“You all right, Bryn? I heard you out in the hallway, it sounded like you were having a nightmare.”
Swallowing, he nodded curtly and sat on the edge of the bed to try and regain his bearings. What was it about that dream? Why did he keep stabbing Karliah over and over again while he slept?
“I’m fine,” he mumbled, lowering his feet to the floor and running his trembling hand through his hair.
“I brought us dinner,” she told him. “Roast pheasant with leeks and potatoes.” She groaned the words blissfully. “The smell woke me from a dead sleep and I had to have it.”
Those words—dead sleep—gave him chills.
She sat down at the table and started eating, still talking as she forked a bite of buttered baked potatoes into her mouth. “I woke up so hungry. I swear it’s like we haven’t eaten since we left Markarth.”
“We ate this afternoon,” he laughed, shaking off the bad energy from that dream and joining her at the table.
“I know, but then I went swimming and you completely wore me out,” she grinned over at him and watched as he took a seat. “All that exercise completely drained my stamina.”
“Well, we’ve probably got a long night ahead of us, so best to replenish it now.”
“So what were you dreaming?” she changed the subject. “It sounded scary.”
“Oh, nothing,” he shook his head. “I don’t remember.”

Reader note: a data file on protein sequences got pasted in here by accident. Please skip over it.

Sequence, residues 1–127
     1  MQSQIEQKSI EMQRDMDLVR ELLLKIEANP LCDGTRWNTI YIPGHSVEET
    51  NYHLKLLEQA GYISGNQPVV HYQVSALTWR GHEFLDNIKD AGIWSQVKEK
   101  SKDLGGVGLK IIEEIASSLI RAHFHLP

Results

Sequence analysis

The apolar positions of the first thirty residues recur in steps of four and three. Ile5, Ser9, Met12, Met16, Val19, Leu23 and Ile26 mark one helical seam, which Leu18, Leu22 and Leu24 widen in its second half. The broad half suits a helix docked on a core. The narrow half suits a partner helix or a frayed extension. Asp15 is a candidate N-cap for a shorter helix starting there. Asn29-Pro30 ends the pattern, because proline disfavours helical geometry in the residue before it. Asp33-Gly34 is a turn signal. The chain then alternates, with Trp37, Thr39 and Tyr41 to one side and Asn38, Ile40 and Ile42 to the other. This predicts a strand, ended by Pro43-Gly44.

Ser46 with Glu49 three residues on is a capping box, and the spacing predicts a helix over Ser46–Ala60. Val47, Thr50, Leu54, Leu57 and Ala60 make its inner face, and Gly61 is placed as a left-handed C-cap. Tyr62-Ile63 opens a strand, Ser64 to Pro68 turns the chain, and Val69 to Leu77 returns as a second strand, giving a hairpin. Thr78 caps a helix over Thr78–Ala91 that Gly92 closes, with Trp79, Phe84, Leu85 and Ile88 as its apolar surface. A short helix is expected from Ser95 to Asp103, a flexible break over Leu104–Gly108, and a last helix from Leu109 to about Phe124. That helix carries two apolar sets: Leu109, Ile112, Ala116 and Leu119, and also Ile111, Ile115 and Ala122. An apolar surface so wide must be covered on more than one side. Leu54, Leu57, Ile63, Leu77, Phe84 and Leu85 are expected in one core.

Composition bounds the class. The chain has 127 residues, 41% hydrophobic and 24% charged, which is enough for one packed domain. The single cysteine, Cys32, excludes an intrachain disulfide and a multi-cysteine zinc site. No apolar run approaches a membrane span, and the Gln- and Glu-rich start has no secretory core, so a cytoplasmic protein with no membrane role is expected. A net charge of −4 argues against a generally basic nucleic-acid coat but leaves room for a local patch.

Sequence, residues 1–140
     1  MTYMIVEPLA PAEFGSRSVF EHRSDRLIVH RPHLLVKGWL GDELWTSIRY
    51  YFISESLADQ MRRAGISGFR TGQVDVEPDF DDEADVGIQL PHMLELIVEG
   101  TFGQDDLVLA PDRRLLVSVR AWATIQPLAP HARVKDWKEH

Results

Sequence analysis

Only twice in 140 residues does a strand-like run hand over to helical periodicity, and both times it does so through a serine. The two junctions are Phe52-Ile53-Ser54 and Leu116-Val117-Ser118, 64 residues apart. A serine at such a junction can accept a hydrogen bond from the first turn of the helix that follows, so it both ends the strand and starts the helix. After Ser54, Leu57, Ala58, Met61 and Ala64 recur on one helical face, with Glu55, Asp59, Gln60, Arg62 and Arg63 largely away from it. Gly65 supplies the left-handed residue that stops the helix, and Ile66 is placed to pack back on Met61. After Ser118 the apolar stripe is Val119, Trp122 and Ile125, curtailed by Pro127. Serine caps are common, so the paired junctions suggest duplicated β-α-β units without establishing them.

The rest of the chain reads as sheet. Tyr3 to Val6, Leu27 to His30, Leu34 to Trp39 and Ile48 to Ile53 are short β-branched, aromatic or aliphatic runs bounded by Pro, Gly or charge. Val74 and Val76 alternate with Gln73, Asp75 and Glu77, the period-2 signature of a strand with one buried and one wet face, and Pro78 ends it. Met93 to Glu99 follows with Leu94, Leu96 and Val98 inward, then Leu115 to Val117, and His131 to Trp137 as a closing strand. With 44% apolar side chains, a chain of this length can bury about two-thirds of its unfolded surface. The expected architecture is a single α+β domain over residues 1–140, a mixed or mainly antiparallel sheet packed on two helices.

She accepted his lie without question and went on to ask, “Did you ever read that letter the Courier brought you? I forgot to ask you about it earlier.”
“Aye, it was from Vex.”
“Everything all right?”
“The Guild is fine, but apparently some boy came to the Flagon looking for me. Said the Dark Brotherhood sent him to find me, but he won’t tell any of them what he wants.”
She wrinkled her nose and shoveled in a bite of chicken. “That’s weird,” she said when she’d finished chewing. “I wonder what the Dark Brotherhood wants with you?”
“Who knows. Delvin did a bit of digging, but his Brotherhood contacts say they have no idea what he’s talking about, they never sent the kid.”
“Again, I say weird.”
The memory of that dream clung tight, and every time he blinked for just a second too long he could see Gallus’s face, hear those dark tidings. Everything you love will die, my boy. To date, that had been more true than he could ever imagine. His parents, Gallus… Mercer. Not that he should give a damn about Mercer, but a part of him did. The man had raised him, taken care of him despite his treacheries, and while he certainly wouldn’t mourn him, he would never forget the things Mercer had done to keep him alive.